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Phytochemicals and antioxidant capacities in rice brans of different color.
J Food Sci. 2011 Jan-Feb; 76(1):C117-26.JF

Abstract

Rice bran, a byproduct of the rice milling process, contains most of the phytochemicals. This study aimed at determining the concentrations of lipophilic, solvent-extractable (free), and cell wall-bound (bound) phytochemicals and their antioxidant capacities from brans of white, light brown, brown, purple, and red colors, and broccoli and blueberry for comparison. The concentrations of lipophilic antioxidants of vitamin E (tocopherol and tocotrienols) and γ-oryzanols were 319.67 to 443.73 and 3861.93 to 5911.12 μg/g bran dry weight (DW), respectively, and were not associated with bran color. The total phenolic, total flavonoid, and antioxidant capacities of ORAC (oxygen radical absorbance capacity), DPPH (2,2-diphenyl-1-picrylhydrazyl) radical scavenging, and iron-chelating in the free fraction were correlated with the intensity of bran color, while variations of these in the bound fraction were less than those in the free fraction among brans. Compounds in the bound fraction had higher antioxidant capacity of ORAC than DPPH, relative to those in the free fraction. The bound fraction of light-color brans contributed as much to its total ORAC as the free fraction. Total proanthocyanidin concentration was the highest in red rice bran, while total anthocyanin was highest in purple brans. The predominant anthocyanin was cyanidin-3-glucoside. Red and purple brans had several fold higher total phenolics and flavonoids as well as ORAC and DPPH, from both free and bound fractions, than freeze-dried blueberry and broccoli. These results indicate that rice brans are natural sources of hydrophilic and lipophilic phytochemicals for use in quality control of various food systems as well as for nutraceutical and functional food application.

Authors+Show Affiliations

Food Science and Technology Program, Dept. of Agriculture, Food, and Resource Sciences, Univ. of Maryland Eastern Shore, Princess Anne, MD 21853, USA.No affiliation info availableNo affiliation info available

Pub Type(s)

Journal Article

Language

eng

PubMed ID

21535639

Citation

Min, Byungrok, et al. "Phytochemicals and Antioxidant Capacities in Rice Brans of Different Color." Journal of Food Science, vol. 76, no. 1, 2011, pp. C117-26.
Min B, McClung AM, Chen MH. Phytochemicals and antioxidant capacities in rice brans of different color. J Food Sci. 2011;76(1):C117-26.
Min, B., McClung, A. M., & Chen, M. H. (2011). Phytochemicals and antioxidant capacities in rice brans of different color. Journal of Food Science, 76(1), C117-26. https://doi.org/10.1111/j.1750-3841.2010.01929.x
Min B, McClung AM, Chen MH. Phytochemicals and Antioxidant Capacities in Rice Brans of Different Color. J Food Sci. 2011 Jan-Feb;76(1):C117-26. PubMed PMID: 21535639.
* Article titles in AMA citation format should be in sentence-case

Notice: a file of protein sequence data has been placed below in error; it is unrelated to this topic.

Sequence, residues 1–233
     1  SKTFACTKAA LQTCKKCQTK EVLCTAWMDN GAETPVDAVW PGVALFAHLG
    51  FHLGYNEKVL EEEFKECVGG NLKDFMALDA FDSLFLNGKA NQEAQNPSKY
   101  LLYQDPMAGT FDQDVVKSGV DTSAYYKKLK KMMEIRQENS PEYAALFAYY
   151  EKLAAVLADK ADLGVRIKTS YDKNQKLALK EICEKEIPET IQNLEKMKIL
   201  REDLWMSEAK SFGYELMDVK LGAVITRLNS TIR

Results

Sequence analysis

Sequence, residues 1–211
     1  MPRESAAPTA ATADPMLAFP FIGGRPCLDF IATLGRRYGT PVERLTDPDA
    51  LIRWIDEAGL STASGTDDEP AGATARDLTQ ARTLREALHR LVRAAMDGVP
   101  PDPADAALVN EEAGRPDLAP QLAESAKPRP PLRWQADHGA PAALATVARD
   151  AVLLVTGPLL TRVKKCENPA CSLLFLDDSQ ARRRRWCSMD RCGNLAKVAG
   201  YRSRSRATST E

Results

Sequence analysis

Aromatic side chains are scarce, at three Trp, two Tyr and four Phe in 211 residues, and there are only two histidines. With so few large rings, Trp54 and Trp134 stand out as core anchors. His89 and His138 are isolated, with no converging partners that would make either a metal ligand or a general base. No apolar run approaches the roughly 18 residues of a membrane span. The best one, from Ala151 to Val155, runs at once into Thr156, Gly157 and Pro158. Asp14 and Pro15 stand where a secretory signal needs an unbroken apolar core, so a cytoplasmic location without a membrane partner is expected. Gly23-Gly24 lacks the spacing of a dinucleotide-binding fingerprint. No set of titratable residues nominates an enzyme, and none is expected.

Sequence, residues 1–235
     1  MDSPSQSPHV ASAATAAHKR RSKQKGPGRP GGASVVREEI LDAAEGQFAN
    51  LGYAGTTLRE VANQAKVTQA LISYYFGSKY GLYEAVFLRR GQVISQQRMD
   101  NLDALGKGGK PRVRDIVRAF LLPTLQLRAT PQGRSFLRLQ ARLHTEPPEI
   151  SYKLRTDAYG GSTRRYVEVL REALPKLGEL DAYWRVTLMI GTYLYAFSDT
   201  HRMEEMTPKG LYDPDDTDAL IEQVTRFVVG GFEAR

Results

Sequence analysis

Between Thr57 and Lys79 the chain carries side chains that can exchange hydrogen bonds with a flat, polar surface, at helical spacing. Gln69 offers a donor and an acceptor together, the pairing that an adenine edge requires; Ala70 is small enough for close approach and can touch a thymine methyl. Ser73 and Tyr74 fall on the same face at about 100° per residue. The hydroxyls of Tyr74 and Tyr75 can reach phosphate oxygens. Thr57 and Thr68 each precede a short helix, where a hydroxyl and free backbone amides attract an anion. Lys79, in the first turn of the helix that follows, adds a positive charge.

TY - JOUR T1 - Phytochemicals and antioxidant capacities in rice brans of different color. AU - Min,Byungrok, AU - McClung,Anna M, AU - Chen,Ming-Hsuan, Y1 - 2010/12/01/ PY - 2011/5/4/entrez PY - 2011/5/4/pubmed PY - 2011/10/1/medline SP - C117 EP - 26 JF - Journal of food science JO - J Food Sci VL - 76 IS - 1 N2 - Rice bran, a byproduct of the rice milling process, contains most of the phytochemicals. This study aimed at determining the concentrations of lipophilic, solvent-extractable (free), and cell wall-bound (bound) phytochemicals and their antioxidant capacities from brans of white, light brown, brown, purple, and red colors, and broccoli and blueberry for comparison. The concentrations of lipophilic antioxidants of vitamin E (tocopherol and tocotrienols) and γ-oryzanols were 319.67 to 443.73 and 3861.93 to 5911.12 μg/g bran dry weight (DW), respectively, and were not associated with bran color. The total phenolic, total flavonoid, and antioxidant capacities of ORAC (oxygen radical absorbance capacity), DPPH (2,2-diphenyl-1-picrylhydrazyl) radical scavenging, and iron-chelating in the free fraction were correlated with the intensity of bran color, while variations of these in the bound fraction were less than those in the free fraction among brans. Compounds in the bound fraction had higher antioxidant capacity of ORAC than DPPH, relative to those in the free fraction. The bound fraction of light-color brans contributed as much to its total ORAC as the free fraction. Total proanthocyanidin concentration was the highest in red rice bran, while total anthocyanin was highest in purple brans. The predominant anthocyanin was cyanidin-3-glucoside. Red and purple brans had several fold higher total phenolics and flavonoids as well as ORAC and DPPH, from both free and bound fractions, than freeze-dried blueberry and broccoli. These results indicate that rice brans are natural sources of hydrophilic and lipophilic phytochemicals for use in quality control of various food systems as well as for nutraceutical and functional food application. SN - 1750-3841 UR - https://www.unboundmedicine.com/medline/citation/21535639/Phytochemicals_and_antioxidant_capacities_in_rice_brans_of_different_color_ L2 - https://doi.org/10.1111/j.1750-3841.2010.01929.x DB - PRIME DP - Unbound Medicine ER -